Roy L. Jones has a B.A. from Rutgers University, M.A. from Glassboro State College/Rowan University, and M.S. in Business & Community Economic Development from Southern New Hampshire University and Doctoral work from Temple University in Urban Education and Mass Communication. While at southern New Hampshire University, Mr. Jones received a U.S. Dept. HUD, Fellowship.
Mr. Jones began his environmental justice work in the 1970s advocating against building an incinerator in Camden, New Jersey. Among some of the environmental justice work and accomplishments completed to date are the following: provided technical assistance to community-based organizations, and organized a series of town meetings about lead in school water systems resulting in over $30 million in infrastructure improvements, successfully advocated for over $325 million dollars to clean-up the Puchak Superfund Well Water Contamination, Gas Mantle Superfund and the Martin Aarons Superfund sites; stopped the export of Radioactive Water to New Jersey’s most over burdened city and drafted recommendations to local, state and federal officials to improve environmental conditions in Camden City and this region. Mr. Jones was also involved in a network with the U.S. Steelworkers Union regarding contamination issues at the DuPont Plant in Deepwater, Salem County, New Jersey. As a result of the DuPont Lawsuit, independent researchers did confirm the presence of PFOA in the blood/urine of DuPont workers and in the water systems three towns in Salem County, near the DuPont Plant. In 2002, he helped organize a massive class-action lawsuit over Camden’s contaminated water affecting over (90,000) residents.
He helped co-found the New Jersey Environmental Justice Alliance a statewide EJ group, some nine years ago. In terms of awards, Mr. Jones was awarded the 2003 New Jersey Environmental Federation Outstanding Achievement Award and in 2006 was appointed to the State-wide New Jersey Environmental Federation Board of Directors. In 2010, Mr. Jones was among (10) persons nominated by the Philadelphia Inquirer as Person of the Year for his pioneering work that successfully lead to the conservation of Petty’s Island – the largest urban island in the Delaware Valley area. Moreover, in 2007, to support education/advocacy work around the Petty’s Island issue; Mr. Jones secured funding and co-produced a film documentary: Precious Places – A Historical and Ecological Portrait of Petty’s Island and researched and submitted an application to preserve Petty’s Island to the New Jersey Dept. of Historic Preservation and the National Registry of Historic Places. Two million dollars has been designated by the state and CITGO to prepare a national environmental and historical exhibit for area students and tourists.
As a result of work on initiatives around Toxic Schools in New Jersey, New Jersey promulgated new regulations about how and where schools should be built in New Jersey. In 2008, Mr. Jones founded the National Institute for Healthy Human Spaces; Inc. NIHHS addresses environmental justice and community empowerment issues. In 2011, Mr. Jones was featured in a Courier Post News documentary about the nature and context of violence/ poverty in the city of Camden and published a Commentary in the Courier Post, titled: Camden Residents Question Crime Turnaround, “May 2015.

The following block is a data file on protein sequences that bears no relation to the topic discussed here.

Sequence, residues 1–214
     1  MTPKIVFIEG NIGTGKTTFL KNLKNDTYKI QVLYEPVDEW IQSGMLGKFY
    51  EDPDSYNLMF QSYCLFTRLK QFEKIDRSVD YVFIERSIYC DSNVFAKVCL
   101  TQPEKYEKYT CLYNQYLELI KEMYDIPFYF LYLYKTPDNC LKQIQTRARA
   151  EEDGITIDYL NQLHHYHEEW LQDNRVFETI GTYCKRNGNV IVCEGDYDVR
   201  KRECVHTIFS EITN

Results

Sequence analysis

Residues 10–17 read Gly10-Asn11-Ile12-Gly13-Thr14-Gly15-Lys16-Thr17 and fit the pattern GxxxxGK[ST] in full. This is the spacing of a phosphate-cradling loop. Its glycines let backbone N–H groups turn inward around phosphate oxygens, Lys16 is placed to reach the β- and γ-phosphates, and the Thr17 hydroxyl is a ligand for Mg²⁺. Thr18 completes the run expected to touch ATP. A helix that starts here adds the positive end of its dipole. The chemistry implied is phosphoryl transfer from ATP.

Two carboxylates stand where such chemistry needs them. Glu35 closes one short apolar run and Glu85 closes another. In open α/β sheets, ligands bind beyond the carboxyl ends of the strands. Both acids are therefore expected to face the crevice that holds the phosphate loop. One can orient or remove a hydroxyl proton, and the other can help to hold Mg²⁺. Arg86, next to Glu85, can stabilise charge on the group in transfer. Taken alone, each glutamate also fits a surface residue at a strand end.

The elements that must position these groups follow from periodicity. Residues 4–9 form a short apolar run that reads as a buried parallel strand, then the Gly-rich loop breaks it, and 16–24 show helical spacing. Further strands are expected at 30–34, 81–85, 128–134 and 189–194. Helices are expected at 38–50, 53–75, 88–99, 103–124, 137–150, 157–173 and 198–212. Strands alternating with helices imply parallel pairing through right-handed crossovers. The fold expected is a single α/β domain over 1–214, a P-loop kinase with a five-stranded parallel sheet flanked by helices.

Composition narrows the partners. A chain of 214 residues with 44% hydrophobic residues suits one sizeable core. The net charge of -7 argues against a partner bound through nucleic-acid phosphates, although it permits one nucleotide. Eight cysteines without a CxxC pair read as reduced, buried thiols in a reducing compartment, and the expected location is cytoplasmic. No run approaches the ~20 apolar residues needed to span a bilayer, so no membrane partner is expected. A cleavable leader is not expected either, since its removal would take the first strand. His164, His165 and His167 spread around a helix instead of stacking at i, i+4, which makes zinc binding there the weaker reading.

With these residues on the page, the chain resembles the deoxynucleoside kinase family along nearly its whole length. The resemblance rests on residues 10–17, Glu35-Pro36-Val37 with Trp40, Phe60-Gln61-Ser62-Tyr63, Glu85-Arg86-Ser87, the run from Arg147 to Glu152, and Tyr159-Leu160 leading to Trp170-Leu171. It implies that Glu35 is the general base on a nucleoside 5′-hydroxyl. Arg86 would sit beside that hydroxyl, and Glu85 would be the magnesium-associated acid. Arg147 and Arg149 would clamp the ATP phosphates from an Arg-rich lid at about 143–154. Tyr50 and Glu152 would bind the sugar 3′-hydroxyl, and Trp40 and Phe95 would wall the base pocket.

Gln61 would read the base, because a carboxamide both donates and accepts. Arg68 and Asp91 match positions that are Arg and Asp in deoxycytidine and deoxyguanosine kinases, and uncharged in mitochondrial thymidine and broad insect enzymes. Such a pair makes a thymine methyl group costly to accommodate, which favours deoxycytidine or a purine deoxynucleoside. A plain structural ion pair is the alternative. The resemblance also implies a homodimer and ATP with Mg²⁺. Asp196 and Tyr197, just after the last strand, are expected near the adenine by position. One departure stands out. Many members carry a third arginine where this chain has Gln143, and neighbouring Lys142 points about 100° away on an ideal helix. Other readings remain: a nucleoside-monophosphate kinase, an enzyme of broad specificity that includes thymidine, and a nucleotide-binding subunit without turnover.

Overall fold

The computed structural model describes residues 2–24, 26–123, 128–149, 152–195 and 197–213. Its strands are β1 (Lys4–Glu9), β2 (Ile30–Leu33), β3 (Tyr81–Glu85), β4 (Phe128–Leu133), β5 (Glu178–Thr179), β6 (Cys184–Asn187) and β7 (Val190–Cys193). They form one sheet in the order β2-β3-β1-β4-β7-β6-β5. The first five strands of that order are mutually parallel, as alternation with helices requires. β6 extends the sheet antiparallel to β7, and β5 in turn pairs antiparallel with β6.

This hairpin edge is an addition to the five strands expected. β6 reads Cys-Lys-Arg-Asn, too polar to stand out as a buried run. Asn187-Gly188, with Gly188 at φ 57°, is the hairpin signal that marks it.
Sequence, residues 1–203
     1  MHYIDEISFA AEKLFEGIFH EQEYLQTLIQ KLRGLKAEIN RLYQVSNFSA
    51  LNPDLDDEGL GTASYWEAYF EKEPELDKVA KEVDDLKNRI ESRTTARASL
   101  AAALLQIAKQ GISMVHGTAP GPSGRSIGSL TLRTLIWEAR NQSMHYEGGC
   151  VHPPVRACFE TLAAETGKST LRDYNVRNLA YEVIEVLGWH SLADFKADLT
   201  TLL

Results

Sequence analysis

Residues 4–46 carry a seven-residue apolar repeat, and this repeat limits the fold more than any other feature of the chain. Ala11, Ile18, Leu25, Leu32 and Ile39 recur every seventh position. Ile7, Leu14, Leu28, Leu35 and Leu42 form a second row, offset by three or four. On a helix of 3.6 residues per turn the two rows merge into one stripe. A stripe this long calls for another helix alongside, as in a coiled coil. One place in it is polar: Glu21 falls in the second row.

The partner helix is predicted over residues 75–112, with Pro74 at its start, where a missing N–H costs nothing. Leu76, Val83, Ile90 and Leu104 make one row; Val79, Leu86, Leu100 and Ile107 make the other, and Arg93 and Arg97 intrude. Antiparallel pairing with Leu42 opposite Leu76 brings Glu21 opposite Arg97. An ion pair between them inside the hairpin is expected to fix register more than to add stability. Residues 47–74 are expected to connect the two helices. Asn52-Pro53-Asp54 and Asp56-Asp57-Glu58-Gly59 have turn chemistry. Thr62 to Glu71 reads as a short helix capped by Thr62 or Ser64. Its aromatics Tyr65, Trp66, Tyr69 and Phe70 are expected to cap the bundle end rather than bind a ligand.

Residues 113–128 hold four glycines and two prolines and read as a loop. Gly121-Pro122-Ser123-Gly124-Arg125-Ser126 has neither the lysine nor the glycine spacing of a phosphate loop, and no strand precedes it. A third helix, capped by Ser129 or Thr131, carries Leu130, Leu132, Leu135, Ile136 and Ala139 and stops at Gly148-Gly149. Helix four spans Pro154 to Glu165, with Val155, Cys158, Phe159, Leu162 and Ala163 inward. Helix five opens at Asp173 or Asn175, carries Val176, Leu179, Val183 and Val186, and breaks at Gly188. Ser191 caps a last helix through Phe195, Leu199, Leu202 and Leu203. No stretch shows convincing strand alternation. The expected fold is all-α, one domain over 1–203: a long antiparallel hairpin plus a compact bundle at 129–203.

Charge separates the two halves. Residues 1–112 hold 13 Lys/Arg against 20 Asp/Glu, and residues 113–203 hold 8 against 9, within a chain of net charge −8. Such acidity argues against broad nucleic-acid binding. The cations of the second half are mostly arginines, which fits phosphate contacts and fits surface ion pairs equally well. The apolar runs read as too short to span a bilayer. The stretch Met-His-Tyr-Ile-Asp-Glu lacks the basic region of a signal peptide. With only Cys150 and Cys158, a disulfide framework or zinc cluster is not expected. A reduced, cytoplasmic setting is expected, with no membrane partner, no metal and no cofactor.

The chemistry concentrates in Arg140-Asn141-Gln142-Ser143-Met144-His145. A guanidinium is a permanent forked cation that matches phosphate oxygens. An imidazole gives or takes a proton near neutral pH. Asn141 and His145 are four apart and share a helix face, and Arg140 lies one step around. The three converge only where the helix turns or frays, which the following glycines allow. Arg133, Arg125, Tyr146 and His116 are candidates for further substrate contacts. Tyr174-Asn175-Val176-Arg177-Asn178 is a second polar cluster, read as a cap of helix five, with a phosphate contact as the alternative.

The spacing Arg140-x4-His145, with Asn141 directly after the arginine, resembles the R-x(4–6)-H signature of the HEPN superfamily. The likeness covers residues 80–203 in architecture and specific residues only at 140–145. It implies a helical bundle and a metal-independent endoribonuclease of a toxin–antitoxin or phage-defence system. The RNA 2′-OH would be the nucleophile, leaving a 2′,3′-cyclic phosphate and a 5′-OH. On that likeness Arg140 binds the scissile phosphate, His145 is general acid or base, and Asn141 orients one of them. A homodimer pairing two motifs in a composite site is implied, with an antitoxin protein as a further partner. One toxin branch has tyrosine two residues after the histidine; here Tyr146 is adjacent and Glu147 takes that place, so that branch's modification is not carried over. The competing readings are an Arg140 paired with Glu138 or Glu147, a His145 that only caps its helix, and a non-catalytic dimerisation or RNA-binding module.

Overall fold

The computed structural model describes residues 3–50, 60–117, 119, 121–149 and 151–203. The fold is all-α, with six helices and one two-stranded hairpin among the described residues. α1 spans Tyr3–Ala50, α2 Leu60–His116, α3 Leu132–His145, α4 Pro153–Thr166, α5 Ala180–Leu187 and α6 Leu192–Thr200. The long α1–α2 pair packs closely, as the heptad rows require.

In 2014-2015, Mr. Jones recent environmental justice work includes working with the Parents and Student Union to fight against the dismantling of Camden’s public schools along with the national Journey for Justice Group’s state affiliate. Under the banner of a group called Camden Voice of Action, Mr. Jones and several leaders stopped the massive displacement of over 1,000 Whitman park homeowners and small/minority business owners. In 2015, Mr. Jones helped organize parent group meetings with the Camden superintendent and his staff regarding mold contamination in two elementary schools. Moreover, in February 2016, Mr. Jones prepared an Environmental Justice Working Paper, for the Philadelphia-based Bread and Roses Fund, Regional Town hall Forum on Displacement and Environmental Devastation.
In May 2016, Mr. Jones received the distinguished Rutgers Chancellor’s Award for outstanding Community-Civic Engagement Initiatives. He organized and hosted a major higher education conference, special event and exhibit in partnership with Rutgers University and several university professors and community leaders regarding educational equity and access. The conference was held on Wednesday, March 30, 2016, Rutgers campus. Attendance was 285. Moreover, Mr. Jones prepared and successfully secured a NJ Council on the Humanities grant to help underwrite costs for the event. The event achieved extensive media coverage and through the university chancellor, various student groups and professors were able to secure the participation of 1968 Olympian John Carlos in a special evening event with area public school students, athletes, and their families.
In addition, Mr. Jones became a Senior Environmental Fellow in 2008 and is authoring several books: titled:Toxic Schools in New Jersey, Environmental Genocide: Camden New Jersey, and How Machine Politics and Political Bosses Subverted Democracy and Devastated a Great American City. For the last titled book, a book signing is scheduled for March 2020.